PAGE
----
Press release

Ukraine President Approves Concept Paper for Improving Legal Aid

June 13, 2006
Office of Communications
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KYIV, Ukraine—Ukraine President Viktor Yuschenko approved the Concept Paper on Reforming the Legal Aid System in Ukraine, taking an important step in the nation's process of improving access to justice.

Approved on June 9, the concept paper establishes the foundation of a new legal aid system, which will guarantee high standards of free legal aid delivery and provide effective access to counsel for all indigent defendants and claimants who are eligible. The new system will provide basic legal advice for free to all people living in Ukraine and will ensure legal representation for those who are detained and awaiting trial.

The concept paper sets up general principles of organization, delivery, and funding of the legal aid system in Ukraine in both criminal and noncriminal areas. It determines the scope of legal aid, defines criteria of eligibility for legal aid, provides for voluntary participation of legal professionals in the legal aid scheme funded by the state, recommends adequate funding for the legal aid system, and lays down basic principles of legal aid management.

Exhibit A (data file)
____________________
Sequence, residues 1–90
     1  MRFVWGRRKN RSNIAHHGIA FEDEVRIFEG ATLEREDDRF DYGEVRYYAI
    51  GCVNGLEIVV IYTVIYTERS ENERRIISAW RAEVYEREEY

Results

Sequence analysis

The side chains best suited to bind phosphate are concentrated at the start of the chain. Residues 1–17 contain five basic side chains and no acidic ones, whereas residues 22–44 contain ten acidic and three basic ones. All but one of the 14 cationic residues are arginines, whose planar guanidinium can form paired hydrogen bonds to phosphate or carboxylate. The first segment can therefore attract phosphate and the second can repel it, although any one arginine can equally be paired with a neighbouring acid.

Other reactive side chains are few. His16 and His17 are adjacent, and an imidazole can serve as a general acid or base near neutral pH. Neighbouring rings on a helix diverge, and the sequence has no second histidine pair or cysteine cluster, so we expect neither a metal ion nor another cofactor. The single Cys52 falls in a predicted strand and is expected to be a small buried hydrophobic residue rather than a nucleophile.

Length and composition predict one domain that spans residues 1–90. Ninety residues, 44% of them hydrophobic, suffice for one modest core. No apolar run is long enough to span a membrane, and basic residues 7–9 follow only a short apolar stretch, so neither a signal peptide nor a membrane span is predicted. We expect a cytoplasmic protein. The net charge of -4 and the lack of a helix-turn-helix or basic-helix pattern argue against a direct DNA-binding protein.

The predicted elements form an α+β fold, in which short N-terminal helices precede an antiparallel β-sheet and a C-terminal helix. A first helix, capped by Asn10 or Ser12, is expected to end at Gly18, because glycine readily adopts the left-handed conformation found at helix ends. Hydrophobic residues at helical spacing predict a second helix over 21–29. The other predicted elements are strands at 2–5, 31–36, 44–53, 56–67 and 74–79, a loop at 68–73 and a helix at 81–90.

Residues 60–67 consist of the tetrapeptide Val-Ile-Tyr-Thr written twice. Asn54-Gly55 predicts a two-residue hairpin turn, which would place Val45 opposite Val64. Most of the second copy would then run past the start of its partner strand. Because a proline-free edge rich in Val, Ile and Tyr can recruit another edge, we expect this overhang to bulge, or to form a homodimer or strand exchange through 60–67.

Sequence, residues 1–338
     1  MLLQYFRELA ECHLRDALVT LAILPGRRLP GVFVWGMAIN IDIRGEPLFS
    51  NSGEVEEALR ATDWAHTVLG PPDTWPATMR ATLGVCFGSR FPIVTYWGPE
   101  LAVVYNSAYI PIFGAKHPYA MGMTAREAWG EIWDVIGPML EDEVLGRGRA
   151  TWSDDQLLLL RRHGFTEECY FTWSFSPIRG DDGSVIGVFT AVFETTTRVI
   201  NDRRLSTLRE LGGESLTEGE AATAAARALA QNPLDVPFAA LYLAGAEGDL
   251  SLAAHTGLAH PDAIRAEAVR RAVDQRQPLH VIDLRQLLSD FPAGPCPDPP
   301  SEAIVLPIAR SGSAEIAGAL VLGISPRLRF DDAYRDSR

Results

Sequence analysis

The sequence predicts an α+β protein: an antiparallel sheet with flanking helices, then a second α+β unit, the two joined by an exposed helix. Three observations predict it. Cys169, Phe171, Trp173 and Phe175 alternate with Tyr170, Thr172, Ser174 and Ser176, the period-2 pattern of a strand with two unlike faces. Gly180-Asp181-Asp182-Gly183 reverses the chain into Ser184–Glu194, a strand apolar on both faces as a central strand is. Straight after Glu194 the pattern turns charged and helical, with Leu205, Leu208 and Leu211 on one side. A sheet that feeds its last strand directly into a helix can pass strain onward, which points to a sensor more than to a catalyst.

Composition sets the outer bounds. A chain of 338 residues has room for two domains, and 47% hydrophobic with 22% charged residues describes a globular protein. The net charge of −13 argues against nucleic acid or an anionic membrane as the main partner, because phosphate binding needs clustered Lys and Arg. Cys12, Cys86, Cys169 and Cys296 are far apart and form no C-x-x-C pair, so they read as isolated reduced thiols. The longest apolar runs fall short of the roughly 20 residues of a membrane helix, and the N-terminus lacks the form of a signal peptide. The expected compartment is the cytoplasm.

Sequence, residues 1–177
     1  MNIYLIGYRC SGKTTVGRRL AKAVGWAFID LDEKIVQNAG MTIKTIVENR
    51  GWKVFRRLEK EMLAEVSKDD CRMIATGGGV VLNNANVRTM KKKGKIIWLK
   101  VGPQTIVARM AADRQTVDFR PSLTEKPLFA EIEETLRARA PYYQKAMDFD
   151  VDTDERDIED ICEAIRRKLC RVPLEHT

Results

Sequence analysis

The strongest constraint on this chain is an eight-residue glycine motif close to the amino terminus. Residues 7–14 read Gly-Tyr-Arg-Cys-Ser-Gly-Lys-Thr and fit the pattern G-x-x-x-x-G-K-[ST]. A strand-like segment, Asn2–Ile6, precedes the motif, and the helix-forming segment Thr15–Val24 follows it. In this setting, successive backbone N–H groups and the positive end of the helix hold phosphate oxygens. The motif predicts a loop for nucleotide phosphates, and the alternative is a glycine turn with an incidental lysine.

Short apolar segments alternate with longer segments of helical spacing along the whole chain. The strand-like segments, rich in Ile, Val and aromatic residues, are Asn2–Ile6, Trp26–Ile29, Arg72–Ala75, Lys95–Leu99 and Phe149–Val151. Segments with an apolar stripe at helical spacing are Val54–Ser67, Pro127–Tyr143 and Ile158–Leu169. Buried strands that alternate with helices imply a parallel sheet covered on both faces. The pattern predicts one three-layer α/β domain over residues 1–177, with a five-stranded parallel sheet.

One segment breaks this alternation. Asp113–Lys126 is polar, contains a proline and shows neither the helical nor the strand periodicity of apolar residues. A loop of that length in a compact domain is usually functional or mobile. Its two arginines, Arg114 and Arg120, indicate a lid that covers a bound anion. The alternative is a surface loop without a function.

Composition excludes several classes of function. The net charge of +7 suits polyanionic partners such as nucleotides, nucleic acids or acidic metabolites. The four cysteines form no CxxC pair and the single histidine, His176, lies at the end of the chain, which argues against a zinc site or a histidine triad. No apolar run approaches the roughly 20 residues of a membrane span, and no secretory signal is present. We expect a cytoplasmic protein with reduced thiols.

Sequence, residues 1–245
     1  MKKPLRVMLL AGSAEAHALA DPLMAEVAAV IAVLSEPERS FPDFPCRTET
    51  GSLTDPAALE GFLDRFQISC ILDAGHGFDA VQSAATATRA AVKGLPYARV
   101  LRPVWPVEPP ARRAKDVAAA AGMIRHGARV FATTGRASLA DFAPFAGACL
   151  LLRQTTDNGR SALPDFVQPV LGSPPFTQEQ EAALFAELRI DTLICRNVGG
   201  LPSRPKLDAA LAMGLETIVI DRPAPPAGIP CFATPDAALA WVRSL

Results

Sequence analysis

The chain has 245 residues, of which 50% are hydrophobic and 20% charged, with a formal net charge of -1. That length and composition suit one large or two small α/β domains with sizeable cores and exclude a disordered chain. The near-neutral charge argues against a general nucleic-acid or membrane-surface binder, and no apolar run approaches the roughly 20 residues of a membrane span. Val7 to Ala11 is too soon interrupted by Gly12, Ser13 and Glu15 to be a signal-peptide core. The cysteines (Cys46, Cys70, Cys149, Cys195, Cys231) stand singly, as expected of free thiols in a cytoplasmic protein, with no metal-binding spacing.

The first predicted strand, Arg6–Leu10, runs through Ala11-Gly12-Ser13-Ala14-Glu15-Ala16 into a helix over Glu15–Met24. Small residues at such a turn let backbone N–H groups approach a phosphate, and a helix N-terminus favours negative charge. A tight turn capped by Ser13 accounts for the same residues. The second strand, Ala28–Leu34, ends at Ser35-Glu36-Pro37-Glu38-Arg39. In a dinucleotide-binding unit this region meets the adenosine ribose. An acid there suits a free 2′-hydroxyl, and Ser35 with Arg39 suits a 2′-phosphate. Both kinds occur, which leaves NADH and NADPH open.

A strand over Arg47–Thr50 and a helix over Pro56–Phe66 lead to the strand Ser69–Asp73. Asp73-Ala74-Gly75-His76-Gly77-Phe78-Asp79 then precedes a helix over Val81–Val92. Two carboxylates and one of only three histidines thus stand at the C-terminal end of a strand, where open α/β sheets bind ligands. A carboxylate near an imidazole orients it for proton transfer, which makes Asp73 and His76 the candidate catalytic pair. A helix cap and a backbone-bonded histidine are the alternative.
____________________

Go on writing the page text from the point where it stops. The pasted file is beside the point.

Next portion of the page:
The concept paper was developed through a partnership among the International Renaissance Foundation, Ukraine's Ministry of Justice, the Center for Political and Legal Reforms, the Ukrainian Bar Association, and the Open Society Justice Initiative, and endorsed by to the National Commission on Strengthening Democracy and Asserting the Rule of Law in Ukraine at its meeting on March 22, 2006.

Reforms contained in the concept paper will bring Ukraine's legal aid system up to standards articulated in the Constitution of Ukraine, the European Convention on Human Rights, and the International Covenant on Civil and Political Rights.

The reform will be implemented in the following stages: a) preliminary stage  experiments with various organizational forms of legal aid delivery; b) submission of a draft law on legal aid to the Parliament; c) establishing a legal aid management body; d) adoption of relevant by-laws; e) setting up infrastructure of primary and secondary legal aid; f) developing quality controls for legal aid services.

In the preliminary stage of the legal aid reform process, the first pilot public defender office will be opened in Kharkov, Ukraine, in June of 2006 to provide legal aid to indigent defendants and test a new model of legal aid delivery by lawyers working full time on indigent defense.


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